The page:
A Friend Beyond Price

If you could sell friendship, how much would you charge? Friends don’t have price tags, because they’re worth more than any number you can put after a dollar sign. If you don’t believe, here’s a true story of a priceless friend in a small town.
by Michael Mernagh, LC | Source:
If you could sell friendship, how much would you charge? Friends don’t have price tags, because they’re worth more than any number you can put after a dollar sign. If you don’t believe, here’s a true story of a priceless friend in a small town in Illinois.

The pale quarter moon hovered over sleeping Summerstown. Earl rolled over in bed and stared up at the blank ceiling. Rain again. The pitter-patter on the roof tapped on his frazzled nerves. Yet another dull day lay ahead at the realty office. Debts, more debts, and no customers. Why had he ever gotten into this in the first place? If it wasn’t for the Maple Hill hotels, he’d certainly be up to his neck in the red. Better not to think so much, and get some sleep. After all, who knows? Maybe tomorrow…

Similar thoughts raced through the mind of his partner in realty, Kevin, as he too lay awake across town. Through the flittering curtains he gazed out on the rusty green cable bridge.

Months of slump had nibbled through his last savings. The kids had quit grade school when tuition hit the roof. The family station was long gone in exchange for milk and eggs. It was impossible to mortgage the house, and Kathy grew snappier every day, with good cause. He slipped out of bed and peered through the window. Cold waves bashed the gray rocks. All those problems just wouldn’t leave him alone.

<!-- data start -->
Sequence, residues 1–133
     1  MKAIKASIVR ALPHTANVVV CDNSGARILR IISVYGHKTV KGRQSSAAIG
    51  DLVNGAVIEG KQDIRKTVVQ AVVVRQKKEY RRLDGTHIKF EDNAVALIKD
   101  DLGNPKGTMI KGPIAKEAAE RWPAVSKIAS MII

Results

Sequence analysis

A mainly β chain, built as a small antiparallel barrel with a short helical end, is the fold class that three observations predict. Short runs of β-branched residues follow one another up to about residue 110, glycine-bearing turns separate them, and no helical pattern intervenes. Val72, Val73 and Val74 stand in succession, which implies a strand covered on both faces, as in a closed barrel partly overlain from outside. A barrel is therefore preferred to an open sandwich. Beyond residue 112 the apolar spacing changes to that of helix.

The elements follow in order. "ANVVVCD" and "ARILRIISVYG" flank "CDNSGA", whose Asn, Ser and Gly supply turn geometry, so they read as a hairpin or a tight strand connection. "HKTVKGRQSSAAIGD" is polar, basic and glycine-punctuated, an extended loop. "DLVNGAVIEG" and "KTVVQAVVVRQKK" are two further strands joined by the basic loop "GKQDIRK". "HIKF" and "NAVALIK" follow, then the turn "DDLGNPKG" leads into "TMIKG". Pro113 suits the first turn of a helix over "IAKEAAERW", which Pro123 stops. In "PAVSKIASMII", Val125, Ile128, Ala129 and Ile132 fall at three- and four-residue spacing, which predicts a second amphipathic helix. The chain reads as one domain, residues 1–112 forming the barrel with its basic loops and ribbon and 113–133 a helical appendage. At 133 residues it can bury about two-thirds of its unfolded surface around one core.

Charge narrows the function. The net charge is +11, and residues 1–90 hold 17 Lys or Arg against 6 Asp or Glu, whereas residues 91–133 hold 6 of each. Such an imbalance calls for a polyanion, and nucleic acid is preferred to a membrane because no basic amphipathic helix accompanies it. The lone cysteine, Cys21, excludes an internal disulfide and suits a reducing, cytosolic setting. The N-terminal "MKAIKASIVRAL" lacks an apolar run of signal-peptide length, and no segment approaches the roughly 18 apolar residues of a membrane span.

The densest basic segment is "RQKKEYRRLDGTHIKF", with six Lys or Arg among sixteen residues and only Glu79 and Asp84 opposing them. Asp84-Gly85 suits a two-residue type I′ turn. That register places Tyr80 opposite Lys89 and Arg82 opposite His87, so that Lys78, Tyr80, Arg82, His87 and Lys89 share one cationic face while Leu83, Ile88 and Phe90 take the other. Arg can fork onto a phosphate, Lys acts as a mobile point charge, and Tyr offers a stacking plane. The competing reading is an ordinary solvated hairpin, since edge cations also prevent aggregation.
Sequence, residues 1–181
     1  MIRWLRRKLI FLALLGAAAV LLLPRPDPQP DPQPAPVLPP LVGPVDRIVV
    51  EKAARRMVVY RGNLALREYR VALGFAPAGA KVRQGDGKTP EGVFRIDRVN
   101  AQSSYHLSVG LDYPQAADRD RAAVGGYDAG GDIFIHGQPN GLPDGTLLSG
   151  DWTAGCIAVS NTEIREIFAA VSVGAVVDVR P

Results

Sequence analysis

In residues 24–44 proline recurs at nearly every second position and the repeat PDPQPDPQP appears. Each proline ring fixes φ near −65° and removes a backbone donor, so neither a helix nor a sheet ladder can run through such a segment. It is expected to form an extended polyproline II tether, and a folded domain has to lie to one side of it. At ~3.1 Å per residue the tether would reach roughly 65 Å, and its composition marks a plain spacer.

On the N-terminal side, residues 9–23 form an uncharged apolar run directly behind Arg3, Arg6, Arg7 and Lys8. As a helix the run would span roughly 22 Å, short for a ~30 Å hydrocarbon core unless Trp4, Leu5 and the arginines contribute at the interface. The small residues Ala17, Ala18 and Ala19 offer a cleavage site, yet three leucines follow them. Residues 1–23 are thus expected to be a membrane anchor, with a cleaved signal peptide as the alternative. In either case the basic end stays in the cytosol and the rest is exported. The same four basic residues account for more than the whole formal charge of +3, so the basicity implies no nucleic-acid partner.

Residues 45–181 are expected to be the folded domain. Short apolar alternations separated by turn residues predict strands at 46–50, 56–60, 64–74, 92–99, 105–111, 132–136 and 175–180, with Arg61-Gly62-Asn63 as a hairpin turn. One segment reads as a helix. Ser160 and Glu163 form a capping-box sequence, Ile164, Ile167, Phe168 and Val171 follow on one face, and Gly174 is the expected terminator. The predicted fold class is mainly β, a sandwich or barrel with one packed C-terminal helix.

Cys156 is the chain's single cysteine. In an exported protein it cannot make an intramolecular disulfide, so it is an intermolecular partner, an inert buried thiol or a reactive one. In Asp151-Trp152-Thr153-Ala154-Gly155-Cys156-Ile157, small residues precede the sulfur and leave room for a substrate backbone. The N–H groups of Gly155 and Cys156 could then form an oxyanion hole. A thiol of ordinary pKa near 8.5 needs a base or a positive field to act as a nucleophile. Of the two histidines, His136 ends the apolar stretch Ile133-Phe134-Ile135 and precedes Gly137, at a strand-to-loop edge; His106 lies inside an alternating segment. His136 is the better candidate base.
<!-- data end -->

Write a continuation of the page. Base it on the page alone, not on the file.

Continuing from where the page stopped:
Thursday at the office was cloaked in a heavy silence. No luck. Hoping to cast a flicker on the brooding moment, Earl offered to buy his partner a drink. They sat in silence at the bar down the street from the office, staring at the wall. Suddenly, Kevin pulled a folded note from his pocket and slipped it to Earl, then turned and left.

“Kathy,” it read, “I’m sorry it had to end like this. Take good care of the kids, and I love you.” Earl crumpled the note and burst out onto the street. In the distance, a silhouette trudged toward Summerstown Bridge.

“Kevin,” he gasped, “are you crazy?”
“Leave me alone.”
“But you can’t… Slow down. Wait a bit.”
“I told you: leave me alone.”
“Wait. Wait.” Earl stammered, searching for words. And then it came to him.
“If you were in the black, would you still jump?”
“There’s no way out; the debts, tuition, bills…” Kevin muttered, staring down glumly.
“And if there was a way?”
“But there’s not. I’ve tried.”
“Give me half an hour and I’ll find a way.” Earl looked too determined to simply be buying time.

The two headed back in silence to the office. Earl unlocked the door and slipped into a back room, reappearing after a moment with a wad of papers in his hands.

“They’re all yours” he exclaimed, thrusting the Maple Hill Hotel deeds into his hands. “Oh, and,” he paused, turning back in the doorway, “you can keep this too.” He pulled a crumpled note from his pocket and set it on top of the hotel deeds.

Heroic acts of generosity have a heavy price tag, and it was not surprising to find Earl nine months later living in a simple cottage and riding to work every morning on a mountain bike.

“I suppose I did kind of act without thinking,” Earl admitted as he unstrapped his helmet and padlocked the bike to the rail, “but ask Kevin or his family if you think it was a mistake.”


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